Israeli protesters swarm EU diplomats in East Jerusalem

The European delegation came to speak out against a new Israeli housing project in the disputed area.

al-monitor A convoy of EU diplomats leaves as Israeli protesters shout slogans during a tour of an EU delegation and like-minded countries on the site of a planned extension of the Givat Hamatos settlement in east Jerusalem on Nov. 16, 2020. Photo by EMMANUEL DUNAND/AFP via Getty Images.

Nov 16, 2020

Right-wing Israeli protesters heckled a group of European diplomats in Jerusalem today. The European Union (EU) delegation came to condemn a new housing project in the contested city.

The Israeli government approved the construction of more than 1,200 homes in the strategic Givat Hamatos on Sunday. The move is controversial because Palestinians say it would cut off the Palestinian city of Bethlehem from East Jerusalem, according to The Associated Press.

On Monday, EU representative to the Palestinians Sven Kuhn von Burgsdorff brought a delegation of European diplomats to the neighborhood to voice disagreement with the news. Upon their arrival, a group of Israeli demonstrators from the right-wing Im Tirtzu movement surrounded them and waved Israeli flags. They shouted “Go back to Europe,” “EU, shame on you” and other slogans, The Times of Israel reported. The diplomats then left the area, according to the Israeli news outlet.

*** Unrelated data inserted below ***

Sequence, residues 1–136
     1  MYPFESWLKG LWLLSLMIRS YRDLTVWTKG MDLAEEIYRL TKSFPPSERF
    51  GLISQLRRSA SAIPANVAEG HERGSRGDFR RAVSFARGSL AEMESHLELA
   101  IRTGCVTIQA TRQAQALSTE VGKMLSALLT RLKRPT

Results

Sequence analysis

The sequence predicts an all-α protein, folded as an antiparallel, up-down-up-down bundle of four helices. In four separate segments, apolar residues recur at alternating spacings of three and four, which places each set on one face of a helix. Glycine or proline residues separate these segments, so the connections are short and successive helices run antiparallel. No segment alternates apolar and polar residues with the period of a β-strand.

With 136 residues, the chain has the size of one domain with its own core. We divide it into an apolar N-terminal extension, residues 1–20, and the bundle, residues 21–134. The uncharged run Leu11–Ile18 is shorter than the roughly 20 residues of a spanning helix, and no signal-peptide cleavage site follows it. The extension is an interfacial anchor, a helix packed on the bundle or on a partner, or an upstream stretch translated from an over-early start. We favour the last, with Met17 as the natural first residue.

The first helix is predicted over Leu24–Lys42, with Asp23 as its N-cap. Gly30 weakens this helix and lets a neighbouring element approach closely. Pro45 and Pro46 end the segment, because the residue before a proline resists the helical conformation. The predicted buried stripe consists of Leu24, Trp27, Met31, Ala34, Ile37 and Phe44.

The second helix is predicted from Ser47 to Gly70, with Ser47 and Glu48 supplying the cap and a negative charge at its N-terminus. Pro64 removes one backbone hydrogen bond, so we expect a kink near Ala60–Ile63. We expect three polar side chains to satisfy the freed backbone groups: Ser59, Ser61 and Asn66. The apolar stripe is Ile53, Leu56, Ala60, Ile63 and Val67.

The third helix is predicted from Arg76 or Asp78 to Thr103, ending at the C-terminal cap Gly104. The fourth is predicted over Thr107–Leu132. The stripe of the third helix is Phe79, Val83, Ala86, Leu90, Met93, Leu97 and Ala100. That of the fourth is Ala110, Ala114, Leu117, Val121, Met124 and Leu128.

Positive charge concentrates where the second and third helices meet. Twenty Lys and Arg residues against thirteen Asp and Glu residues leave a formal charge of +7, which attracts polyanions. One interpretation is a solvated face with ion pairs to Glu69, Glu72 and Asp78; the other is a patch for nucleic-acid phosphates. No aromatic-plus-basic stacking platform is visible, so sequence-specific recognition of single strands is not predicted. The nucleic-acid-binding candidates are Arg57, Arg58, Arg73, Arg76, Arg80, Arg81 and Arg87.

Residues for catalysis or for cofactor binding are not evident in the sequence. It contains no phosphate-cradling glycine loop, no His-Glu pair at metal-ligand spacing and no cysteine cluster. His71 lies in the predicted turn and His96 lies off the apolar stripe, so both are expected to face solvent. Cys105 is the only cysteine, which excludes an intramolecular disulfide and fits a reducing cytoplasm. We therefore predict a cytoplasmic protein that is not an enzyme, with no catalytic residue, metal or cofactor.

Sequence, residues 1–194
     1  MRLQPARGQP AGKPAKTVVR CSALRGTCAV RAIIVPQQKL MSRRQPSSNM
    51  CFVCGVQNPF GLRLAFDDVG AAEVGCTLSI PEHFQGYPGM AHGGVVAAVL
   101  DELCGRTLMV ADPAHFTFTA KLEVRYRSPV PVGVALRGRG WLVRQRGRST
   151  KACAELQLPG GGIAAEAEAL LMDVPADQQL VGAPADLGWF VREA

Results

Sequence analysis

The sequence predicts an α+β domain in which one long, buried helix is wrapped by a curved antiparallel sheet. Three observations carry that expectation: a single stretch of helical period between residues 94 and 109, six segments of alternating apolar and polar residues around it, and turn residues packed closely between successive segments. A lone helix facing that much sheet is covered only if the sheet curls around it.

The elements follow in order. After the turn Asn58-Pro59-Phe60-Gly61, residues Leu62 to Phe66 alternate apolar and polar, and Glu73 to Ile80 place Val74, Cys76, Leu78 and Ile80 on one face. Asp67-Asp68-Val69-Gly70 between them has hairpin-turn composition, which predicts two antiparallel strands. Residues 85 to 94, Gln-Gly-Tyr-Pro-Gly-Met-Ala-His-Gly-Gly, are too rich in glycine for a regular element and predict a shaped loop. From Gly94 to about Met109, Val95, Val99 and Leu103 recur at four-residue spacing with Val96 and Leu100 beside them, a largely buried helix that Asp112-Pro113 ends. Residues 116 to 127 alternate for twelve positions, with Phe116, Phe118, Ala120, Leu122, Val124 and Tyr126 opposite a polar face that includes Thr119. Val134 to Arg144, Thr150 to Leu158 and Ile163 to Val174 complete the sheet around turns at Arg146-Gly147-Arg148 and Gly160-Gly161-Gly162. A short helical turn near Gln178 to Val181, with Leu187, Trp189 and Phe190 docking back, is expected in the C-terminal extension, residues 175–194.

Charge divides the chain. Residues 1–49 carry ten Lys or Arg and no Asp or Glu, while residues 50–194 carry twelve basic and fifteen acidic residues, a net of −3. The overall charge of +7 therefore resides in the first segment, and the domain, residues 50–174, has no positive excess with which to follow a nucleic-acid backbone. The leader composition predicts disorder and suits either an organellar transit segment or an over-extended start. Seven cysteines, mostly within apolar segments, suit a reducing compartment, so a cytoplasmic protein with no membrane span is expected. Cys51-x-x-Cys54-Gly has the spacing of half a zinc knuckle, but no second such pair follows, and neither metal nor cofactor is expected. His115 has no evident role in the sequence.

Israel gained control of East Jerusalem from Jordan during the 1967 war and claims sovereignty over the entirety of the holy city. EU member states and much of the international community, however, regard east Jerusalem as occupied by Israel. Palestinians also claim Jerusalem as the capital. Jerusalem’s Jewish, Christian and Muslim holy sites are all in the eastern part of the city.

Despite overall good relations with EU countries, some European states are more critical of Israeli settlements and other policies toward the Palestinians than the United States is.

Because of Jerusalem’s disputed status, most EU and other states that have diplomatic relations with Israel still recognize Tel Aviv as the capital of the Jewish state. The United States recognized Jerusalem as Israel’s capital in 2017, however, and moved its embassy there the following year. A handful of African and Latin American states later followed suit. Serbia and Kosovo in Eastern Europe also agreed to move their embassies to Jerusalem, but neither state is in the EU.

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